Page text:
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From Securities Regulation Daily, December 16, 2013

Wetjen elected CFTC Acting Chairman

By Mark S. Nelson, J.D.

The CFTC said late today that its remaining members had unanimously elected Commissioner Mark P. Wetjen to be the Commission’s acting chairman. Wetjen will take the reins at the CFTC when Chairman Gary Gensler’s term ends, said the CFTC’s statement.

Wetjen said he was honored to have been chosen acting chairman. “I thank my colleagues, Commissioners Chilton and O’Malia, for their support and look forward to working collaboratively to oversee the ongoing implementation of the Dodd-Frank Act and the continuation of the CFTC’s critical mission,” said Wetjen. He also thanked Chairman Gensler for his leadership after the 2008 financial crisis.

“The CFTC will be well served with Mark at the helm as it continues the important work of implementing financial reforms for the benefit of the public,” Chairman Gensler said.

Background. Wetjen grew up in Dubuque, Iowa, and then received an undergraduate degree from Creighton University before earning a law degree from the University of Iowa College of Law. Wetjen became a CFTC commissioner in October 2011 after working as senior staffer to the U.S Senate on financial services issues. Wetjen had a private legal practice prior to his Senate work.

GMAC appointment. Last week, the CFTC announced that Wetjen was to become the sponsor of the Commission’s Global Markets Advisory Committee (GMAC). The GMAC, created in 1998, is a forum in which participants discuss issues affecting U.S. firms doing business in global financial services markets.

“I look forward to engaging the members of the GMAC on a regular basis to foster dialogue and international cooperation on global issues facing customers, market participants, the CFTC, and foreign and domestic regulators,” Wetjen said. He succeeds outgoing CFTC Commissioner Bart Chilton as the GMAC sponsor.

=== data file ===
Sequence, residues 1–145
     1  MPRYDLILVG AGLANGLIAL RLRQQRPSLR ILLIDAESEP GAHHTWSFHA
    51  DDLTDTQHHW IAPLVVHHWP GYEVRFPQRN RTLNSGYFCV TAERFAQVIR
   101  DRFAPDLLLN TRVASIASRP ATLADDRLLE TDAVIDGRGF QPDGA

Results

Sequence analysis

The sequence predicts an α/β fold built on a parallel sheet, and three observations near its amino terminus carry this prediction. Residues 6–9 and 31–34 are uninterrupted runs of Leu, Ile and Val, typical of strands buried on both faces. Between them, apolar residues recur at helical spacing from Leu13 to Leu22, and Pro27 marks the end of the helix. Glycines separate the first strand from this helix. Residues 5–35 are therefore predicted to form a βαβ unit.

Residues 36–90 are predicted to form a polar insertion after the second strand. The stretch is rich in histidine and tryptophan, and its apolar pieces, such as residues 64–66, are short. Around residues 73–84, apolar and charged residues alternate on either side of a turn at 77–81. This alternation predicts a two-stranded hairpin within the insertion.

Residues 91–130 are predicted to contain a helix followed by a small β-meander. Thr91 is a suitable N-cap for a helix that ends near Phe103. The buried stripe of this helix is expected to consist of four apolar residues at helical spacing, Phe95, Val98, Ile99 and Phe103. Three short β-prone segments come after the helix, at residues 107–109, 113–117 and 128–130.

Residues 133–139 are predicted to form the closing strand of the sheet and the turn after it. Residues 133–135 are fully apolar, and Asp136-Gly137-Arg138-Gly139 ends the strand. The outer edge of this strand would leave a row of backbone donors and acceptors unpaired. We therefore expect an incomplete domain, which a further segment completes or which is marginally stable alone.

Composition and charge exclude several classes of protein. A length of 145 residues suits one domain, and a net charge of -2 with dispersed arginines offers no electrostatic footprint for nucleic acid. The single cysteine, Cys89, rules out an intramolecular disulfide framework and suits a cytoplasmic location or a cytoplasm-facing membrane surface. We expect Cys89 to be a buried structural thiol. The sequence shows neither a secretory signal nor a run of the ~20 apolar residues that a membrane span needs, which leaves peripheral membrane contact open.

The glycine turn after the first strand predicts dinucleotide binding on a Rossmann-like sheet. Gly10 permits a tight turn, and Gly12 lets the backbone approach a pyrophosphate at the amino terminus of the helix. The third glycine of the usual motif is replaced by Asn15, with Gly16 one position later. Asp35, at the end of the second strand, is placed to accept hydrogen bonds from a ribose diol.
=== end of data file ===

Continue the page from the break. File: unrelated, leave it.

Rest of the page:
Nominee awaits hearing. President Barack Obama nominated Timothy G. Massad to be CFTC chairman last month. Wetjen’s election to the role of acting chairman comes at a key inflection point for the CFTC as it continues to implement its cross-border derivatives rules and it awaits confirmation of Massad to be its full time chairman.

Massad most recently led the government’s effort to wind-up of the Troubled Asset Relief Program (TARP) that provided key industry support during the 2008 financial crisis.

Said President Obama, “Now, under Tim’s watch, not only have the banks that benefited from TARP repaid nearly every single dollar, but he has secured a positive return of nearly $30 billion to the American taxpayer.” The president noted Massad’s efforts to improve TARP and give the public access to reports of how the funds were spent. “And that's a commitment to transparency and openness that I know that he wants to continue at the CFTC,” added the president.

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